In a multichannel environment, brands and marketers need to think carefully about how customers will respond to offline advertising.
If people see a product or service they like, will they open up their laptops and type the URL used on the ad into a search engine? Will they search for the brand online instead? Or will they use the smartphone in their pocket?
For example, if I see an advert for a car and type the make and model into Google, I want to see a landing page that matches my expectations; providing details of the car, some nice photos and videos, and a link to find my local dealer, or book a test drive.
Whether this was the aim of the ad or not, TV campaigns will drive spikes in search activity online.
According to a recent study by Efficient Frontier, TV ads can drive an 80% rise in branded search.
In the study, searches during an eight-week TV ad campaign will typically jump between 60 to 80% on the brand name, and between 40 and 60% on generic terms related to the brand.
Why get people to search online?
Online offers an immediate response mechanism for viewers of TV ads. It allows brands an opportunity to capitalise instantly of the effect of the ad.
If a customer has seen a pair of shoes they like on an M&S ad for instance, they can head online and purchase it within minutes.
If it’s a car insurance advert, customers can open their laptops and start the quotation process straight away.
Even when the product or service cannot be purchased online, then the internet offers a way to capture customer details, for people to book an appointment or a test drive within minutes of the ad.
People are increasingly using different kinds of media while they are watching TV. With laptops, smartphones and tablet computers like the iPad, many viewers are likely to have the internet at their fingertips while watching TV.
For example, a recent IAB study found that 49% of mobile internet users will often watch TV while browsing on their phones.
This offers an excellent opportunity for marketers to get viewers to respond to TV ads by going online.
What kinds of tactics can brands use to get viewers of TV ads to search online?
Place a URL in the ad
An obvious way to do it – the URL both indicates that a brand is online, and directs the viewer exactly where they need to go, though how many users type the exact web address into their browsers is questionable.
This is becoming common practice in the majority of TV and print advertising. A recent survey by Nominet found that 65% of all UK print and television advertising now includes a web address.
There is a disparity between print and TV though; 83% of print ads now feature a URL compared with just 61% of TV ads, a missed opportunity, especially when you consider the higher costs of TV advertising.
A URL in an ad gives customers a response mechanism and, if they type in the correct web address, they’ll go to a dedicated landing page.
Unique URLs also provide a mechanism for marketers to track response to offline advertising.
However, URLs need to be memorable, and not too long, otherwise people will make mistakes.
Search calls to action
Another option is to direct people to search for a particular word or phrase online.
Users often prefer to search for navigation purposes online, rather than using the browser bar to type in the web address and go directly to a website.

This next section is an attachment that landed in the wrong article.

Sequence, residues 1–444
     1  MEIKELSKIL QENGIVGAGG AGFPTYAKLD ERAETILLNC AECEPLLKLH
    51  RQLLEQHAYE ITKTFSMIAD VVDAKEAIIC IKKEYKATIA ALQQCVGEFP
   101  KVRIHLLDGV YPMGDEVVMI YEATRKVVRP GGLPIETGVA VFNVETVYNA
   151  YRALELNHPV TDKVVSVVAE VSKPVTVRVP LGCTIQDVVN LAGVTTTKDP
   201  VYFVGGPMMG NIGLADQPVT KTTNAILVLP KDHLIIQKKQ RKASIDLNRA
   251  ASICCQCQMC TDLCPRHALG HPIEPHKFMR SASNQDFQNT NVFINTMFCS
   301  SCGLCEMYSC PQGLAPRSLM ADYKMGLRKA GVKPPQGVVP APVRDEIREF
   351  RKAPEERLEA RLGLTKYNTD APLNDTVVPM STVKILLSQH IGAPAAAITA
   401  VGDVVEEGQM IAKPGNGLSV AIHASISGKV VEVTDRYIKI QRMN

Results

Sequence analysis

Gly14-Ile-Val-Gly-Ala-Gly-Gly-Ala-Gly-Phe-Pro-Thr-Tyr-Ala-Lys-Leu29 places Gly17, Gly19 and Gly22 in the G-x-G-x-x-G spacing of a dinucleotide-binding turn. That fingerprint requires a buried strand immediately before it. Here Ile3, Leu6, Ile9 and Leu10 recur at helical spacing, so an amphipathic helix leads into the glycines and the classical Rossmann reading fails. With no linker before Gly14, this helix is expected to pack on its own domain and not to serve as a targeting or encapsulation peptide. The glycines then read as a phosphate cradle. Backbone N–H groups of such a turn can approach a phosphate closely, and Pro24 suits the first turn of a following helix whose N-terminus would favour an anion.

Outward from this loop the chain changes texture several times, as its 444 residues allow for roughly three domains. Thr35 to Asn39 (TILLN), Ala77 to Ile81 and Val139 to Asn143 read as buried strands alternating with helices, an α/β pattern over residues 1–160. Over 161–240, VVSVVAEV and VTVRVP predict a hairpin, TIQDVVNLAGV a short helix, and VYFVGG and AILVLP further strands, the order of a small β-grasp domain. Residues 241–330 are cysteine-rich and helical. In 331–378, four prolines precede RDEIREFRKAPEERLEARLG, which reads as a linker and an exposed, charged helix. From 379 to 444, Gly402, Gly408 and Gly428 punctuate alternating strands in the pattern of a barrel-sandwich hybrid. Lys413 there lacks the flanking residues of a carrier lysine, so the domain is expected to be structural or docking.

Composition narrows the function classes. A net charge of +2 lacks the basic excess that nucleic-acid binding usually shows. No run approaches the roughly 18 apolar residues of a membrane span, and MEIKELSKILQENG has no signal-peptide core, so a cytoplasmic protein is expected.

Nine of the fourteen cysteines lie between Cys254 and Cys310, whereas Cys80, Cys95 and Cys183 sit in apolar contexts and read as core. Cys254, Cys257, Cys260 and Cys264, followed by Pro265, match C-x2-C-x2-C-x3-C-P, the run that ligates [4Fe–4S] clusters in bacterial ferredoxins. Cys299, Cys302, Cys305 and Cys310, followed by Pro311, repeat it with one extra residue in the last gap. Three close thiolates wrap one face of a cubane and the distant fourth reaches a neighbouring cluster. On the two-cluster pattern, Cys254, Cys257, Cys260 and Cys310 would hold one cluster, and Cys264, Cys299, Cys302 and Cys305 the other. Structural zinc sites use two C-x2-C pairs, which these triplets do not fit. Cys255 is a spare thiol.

The fact that major online destinations like Facebook, eBay and Amazon regularly feature in lists of top searched keywords is evidence of this behaviour.
Given that people responding to ads online, it makes sense to take account of this behaviour, and direct users to search for a particular term.
This approach has the added advantage of making the offline campaign more trackable, as brands and advertisers can monitor any spikes in searches for keywords and phrases used in offline advertising.
There are some potential drawbacks to this approach though. Firstly, the use of a unique search keyword or phrase tells competitors about your search strategy, and gives them the opportunity to bid on these terms and hijack traffic driven by the ads.
Make it easy for users to search for the brand or product
Whether you include a URL or a search call to action on the ad or not, it’s likely that many people will respond to ads by searching for the brand or product name online.
This is often the easiest way for users to respond to ads, so brands need to have done their homework so that they are highly visible in the search results pages for these terms.
Facebook landing pages
Another recent trend has been for brands to direct viewers and readers on TV and print ads to a Facebook page.
This is something Ford has been doing in its recent campaign for the new Focus, and visitors arrive at a landing page with videos and information about the car.
This approach can help brands to build a following on the site, as hopefully users will arrive at the Facebook page while logged into their own account.
Then, if they hit the ‘like’ button, the page will also be promoted to that user’s Facebook friends.
Create a unique phrase or character
By using Aleksandr the meerkat, and inviting viewers to search for Compare the Meerkat, the insurance firm managed to create a clear call to action which, given the unique nature of the search phrase, made It easier for them to ensure that the landing page was highly visible in search results.
It was also an excellent way of saving money on paid search. When the campaign was launched in 2009, the cost per click for the word ‘meerkat’ was 5p, compared to £5 for the keyword ‘market’.
This allowed Compare the Market to achieve search visibility in a highly competitive market at a fraction of the normal cost.
The use of QR codes isn’t yet widespread, and mobile users do have to download a code reader application before they can scan them, but this does offer a potentially valuable direct response mechanism.
By showing QR codes in offline ads, brands could send mobile users straight to a dedicated landing page, a video showing the product, or a voucher to be redeemed at their local store.
According to a recent MMA/Lightspeed survey, 31% of UK consumers would be more likely to respond to an ad if there was a mobile response mechanism on offer.